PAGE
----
Thursday, March 15th, 2012
What Breeds Obedience?
Milgram then looked at the parameters of obedience. He found that we do not obey all of the
time. Emotional distance is a factor (if he is right next to you, you will deliver less shock). As
for the legitimacy of the authority, if the person giving the order is just another participant,
they will not have as much say. Also, the degree to which other people obeyed commands
impacted how much people will be following orders.
Summary of Classic Studies
All having to do with things that guide our behaviour.
First Movie (Star trek)
There is a lot of work done on understanding why people act to the detriment to themselves
to help others. In a society, you want to maximize this type of phenomenon. There is a lot of
controversy about why this happens. The controversy is whether you are really acting for
someone else’s well being, or if there is something in it for yourself. To some degree, maybe
it is driven by the ego (looking like a hero, etc). The studies that we will see will try to see
how selfish or how selfless someone else’s behaviours.
Slide With Bull
Some of the things that propel us to help others. When looking at this picture, there is an
empathic dimension to experience where you can feel his pain. Something about the ways
that our minds are constructed allows us to experience pain the ways that others do. This is
one of the ways of propelling behaviour; we feel stress when others do.
He is probably going to his mom, who will fell stress. This is a motivator of her helping
Slide with dog and firefighter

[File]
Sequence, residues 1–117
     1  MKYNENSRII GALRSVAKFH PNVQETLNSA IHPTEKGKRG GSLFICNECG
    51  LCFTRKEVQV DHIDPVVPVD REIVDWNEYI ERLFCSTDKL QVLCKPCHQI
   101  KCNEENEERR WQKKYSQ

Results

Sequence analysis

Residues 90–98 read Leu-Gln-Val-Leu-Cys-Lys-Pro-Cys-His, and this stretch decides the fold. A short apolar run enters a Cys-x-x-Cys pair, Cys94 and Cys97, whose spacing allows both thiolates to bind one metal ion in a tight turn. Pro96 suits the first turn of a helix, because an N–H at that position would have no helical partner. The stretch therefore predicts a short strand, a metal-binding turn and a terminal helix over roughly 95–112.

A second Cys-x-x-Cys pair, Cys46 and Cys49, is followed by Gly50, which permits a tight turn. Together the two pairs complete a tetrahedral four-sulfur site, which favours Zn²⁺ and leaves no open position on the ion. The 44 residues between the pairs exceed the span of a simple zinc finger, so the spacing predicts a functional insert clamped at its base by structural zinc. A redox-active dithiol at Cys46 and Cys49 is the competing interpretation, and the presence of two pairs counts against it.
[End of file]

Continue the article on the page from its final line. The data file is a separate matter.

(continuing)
It is not entirely true that it is a human thing. A lot of dogs assisted with looking for
survivors. Do dogs help for different reasons that we use to engage in helping behaviour?
These dogs are probably trained for this task; they do not perceive of the need for help, but
they are rewarded for engaging in this behaviour repeatedly. Also, some genetic
dispositions in certain dogs will either favour or prohibit pro-social behaviour.
Things done in your day-to-day life that are helping behaviours (pro-social). Regardless of
the motive, this will benefit others.
Video on people volunteering
First reactions to volunteering might be to think over all of the costs involved. Research
shows that although there are costs, there are rewards as well. Once relationships develop
within the volunteering experience, this increases continuity. Evolutionary Factors in Helping: The “Selfish Gene”
It is thought that humans came prepared to help in some way. We behave in ways that
appear to maximize our survival. But we are not just interested in having us survive, we are
also interested in having our genetic material survive (siblings, parents, etc). We are
motivated to protect them as well as ourselves. You help more based on who has more
Evolutionary Factors in Helping: Reciprocal Altruism
Increases the possibility that help will be given beyond kinship ties. Within our social unit,
there will be people not related to us, but it is also important to us.
A lot of experiments done on monkeys to see if they can behave altruistically. In monkeys,
they actually tend to behave altruistically towards other altruistic monkeys, and not the
ones who are not.
When we compare human beings to animals: while all species demonstrate kinship
selection when it comes to altruism, as soon as members are not related, the frequency at
which you see altruistic behaviour fall. It is only in humans that you see altruistic behaviour
that is not towards family members.
Rewards of Helping: Helping Others to Help Oneself
If a helpful situation is proposed and all that comes to mind is costs, then it will be turned
down. If rewards are made clear, it is more likely you will agree to participate.
Costs of Helping or of Not Helping
Schindler’s List: he helped in spite of the fact that it is associated with very high costs. If you
have a spouse that is elderly and you are taking care of them, you seem to be doing ok
emotionally until the spouse either no longer recognizes you, or they loose bladder and
bowel control. This leads to burnout of the caregiver; the relationship that you have with
the individual no longer exists anymore.
Altrusim of Egoism: The Great Debate
The answer will be generally that it all depends. There does seem to be cases under which